Historical records suggest that throughout the eighteenth century, the cathedral building suffered from neglect. Manuel Cardoso de Saldanha, a Portuguese military engineer and designer of the Church of Nossa Senhora da Conceição da Praia (now the [[Basilica of the Immaculate Conception]]), carried out a survey of the building. In 1761 with the Jesuit expulsion from Brazil, their school and church in the Terreiro de Jesus became vacant. In a letter dated 1765, King Joseph I offered to Archbishop Dom José Botelho de Matos the former Jesuit Church as a temporary site until the Cathedral could be restored.[4][6]

DilapidationEdit

By the early nineteenth century, the Cathedral facade was falling into ruin, and its wall was repaired in an attempt to prevent the towers from falling. The wall itself fell into ruin, leading to the preventative demolition of the towers and a great part of the facade masonry. The enormous building, not preserved by ecclesiastical authorities, was transferred to the brotherhood of the Santíssimo Sacramento da Sé (Brotherhood of the Holy Sacrament). The brotherhood did some restoration work, including replacing some interior altarpieces.[4]

Demolition and commemorationEdit

 
Mário Cravo's sculpture Cruz Caida (Fallen Cross) erected upon the site of the Old Salvador Cathedral in 1999.

On August 7, 1933, after years of debate, the Old Cathedral of Salvador was demolished along with two other colonial buildings in Salvador's Historic Center as part of a larger urban renewal project. The destruction of these buildings allowed the extension of tram routes run by the Companhia Linha Circular de Carris da Bahia. Some interior elements of the Old Cathedral were transferred to other Catholic institutions in Salvador; its silver altar was moved to the Convent of Saint Theresa (Convento de Santa Teresa), now the "Museum of Sacred Art of Bahia". The new space created by the demolition of the Old Cathedral was named the Praça da Sé. Initially it served to store the new trolleys.[1][7]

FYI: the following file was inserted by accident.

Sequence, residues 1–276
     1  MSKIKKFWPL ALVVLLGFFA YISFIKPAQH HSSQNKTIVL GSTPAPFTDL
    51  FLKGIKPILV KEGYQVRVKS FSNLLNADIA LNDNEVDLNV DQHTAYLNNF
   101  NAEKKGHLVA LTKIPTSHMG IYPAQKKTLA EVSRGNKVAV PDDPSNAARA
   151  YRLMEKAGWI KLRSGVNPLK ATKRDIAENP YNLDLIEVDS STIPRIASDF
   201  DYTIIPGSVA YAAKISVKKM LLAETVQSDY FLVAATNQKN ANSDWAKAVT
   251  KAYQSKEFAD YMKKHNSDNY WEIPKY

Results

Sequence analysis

CommemorationEdit

In 1956, as homage to the religious and historical significance of the site, city officials erected a bronze bust of Dom Pero Fernandes Sardinha, first Bishop of Brazil and a supporter of the construction of the first cathedral. In 1999, the sculptor Mário Cravo erected a stainless steel sculpture Cruz Caída (Fallen Cross) to commemorate the destruction of the historic Cathedral.[8]

ReferencesEdit

  1. ^ a b Assunção, Gabriela Lira; Dantas, George Alexandre Ferreira; Assunção, Gabriela Lira; Dantas, George Alexandre Ferreira (2018). "Demolições, debates e tentativas de preservação: aproximações a partir dos casos de Salvador e Recife (1910-1930)". Urbe. Revista Brasileira de Gestão Urbana. 10 (2): 387–399. doi:10.1590/2175-3369.010.002.ao05. ISSN 2175-3369.
  2. ^ "A Sé Primacial do Brasil, a Primeira Catedral". www.bahia-turismo.com. Retrieved 2018-11-27.
  3. ^ Instituto do Patrimônio Histórico e Artístico Nacional. "Catedral Basílica de Salvador".
  4. ^ a b c d e Lins, Eugénio de Ávila (2001). "A antiga Sé da Bahia: uma referência para a arte luso-brasileira". Anais do II Congresso Internacional do Barroco, Porto: 183–195.
  5. ^ Sousa, Gabriel Soares de (1851). Tratado descriptivo do Brazil em 1587 (in Portuguese). Typographia Universal de Laemmert. pp. 119–120.
  6. ^ Robert C. Smith (September 1948). "Jesuit Buildings in Brazil". Art Bulletin. 30 (3): 187–213. doi:10.1080/00043079.1948.11407813. ISSN 0004-3079. JSTOR 3047183. Wikidata Q57686212.
  7. ^ Vilaron, André (2007). Igrejas históricas de Salvador = Historical churches in Salvador. Brasília, Brazil: Ministério das Relações Exteriores, Governo Federal. ISBN 9788560123001.
  8. ^ Cultural, Instituto Itaú. "Mario Cravo Júnior | Enciclopédia Itaú Cultural". Enciclopédia Itaú Cultural (in Portuguese). Retrieved 2018-11-27.